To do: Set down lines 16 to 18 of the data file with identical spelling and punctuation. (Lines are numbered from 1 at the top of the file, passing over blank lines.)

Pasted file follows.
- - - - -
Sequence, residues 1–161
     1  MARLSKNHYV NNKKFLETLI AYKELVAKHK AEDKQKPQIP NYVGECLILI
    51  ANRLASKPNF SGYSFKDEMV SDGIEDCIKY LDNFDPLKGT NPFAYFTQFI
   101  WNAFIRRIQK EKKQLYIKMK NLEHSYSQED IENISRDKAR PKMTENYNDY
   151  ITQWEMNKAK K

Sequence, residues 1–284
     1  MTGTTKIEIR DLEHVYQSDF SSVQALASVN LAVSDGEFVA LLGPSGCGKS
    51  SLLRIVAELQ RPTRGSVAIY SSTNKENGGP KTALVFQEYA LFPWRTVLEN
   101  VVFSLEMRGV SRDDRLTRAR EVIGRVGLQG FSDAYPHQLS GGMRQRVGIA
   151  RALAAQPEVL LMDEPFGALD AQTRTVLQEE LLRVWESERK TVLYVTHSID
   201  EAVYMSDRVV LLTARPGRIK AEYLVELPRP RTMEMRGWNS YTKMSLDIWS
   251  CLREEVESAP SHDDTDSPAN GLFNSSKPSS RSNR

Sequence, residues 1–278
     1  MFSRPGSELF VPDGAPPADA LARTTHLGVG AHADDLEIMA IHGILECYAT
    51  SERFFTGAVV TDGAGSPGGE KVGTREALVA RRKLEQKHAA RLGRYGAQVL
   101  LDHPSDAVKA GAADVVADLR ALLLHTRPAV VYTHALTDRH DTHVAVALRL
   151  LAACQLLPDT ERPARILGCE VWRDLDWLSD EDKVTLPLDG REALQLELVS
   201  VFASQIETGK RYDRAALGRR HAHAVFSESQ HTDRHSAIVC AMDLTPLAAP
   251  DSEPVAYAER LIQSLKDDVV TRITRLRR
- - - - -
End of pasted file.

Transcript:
   101  LDHPSDAVKA GAADVVADLR ALLLHTRPAV VYTHALTDRH DTHVAVALRL
   151  LAACQLLPDT ERPARILGCE VWRDLDWLSD EDKVTLPLDG REALQLELVS
   201  VFASQIETGK RYDRAALGRR HAHAVFSESQ HTDRHSAIVC AMDLTPLAAP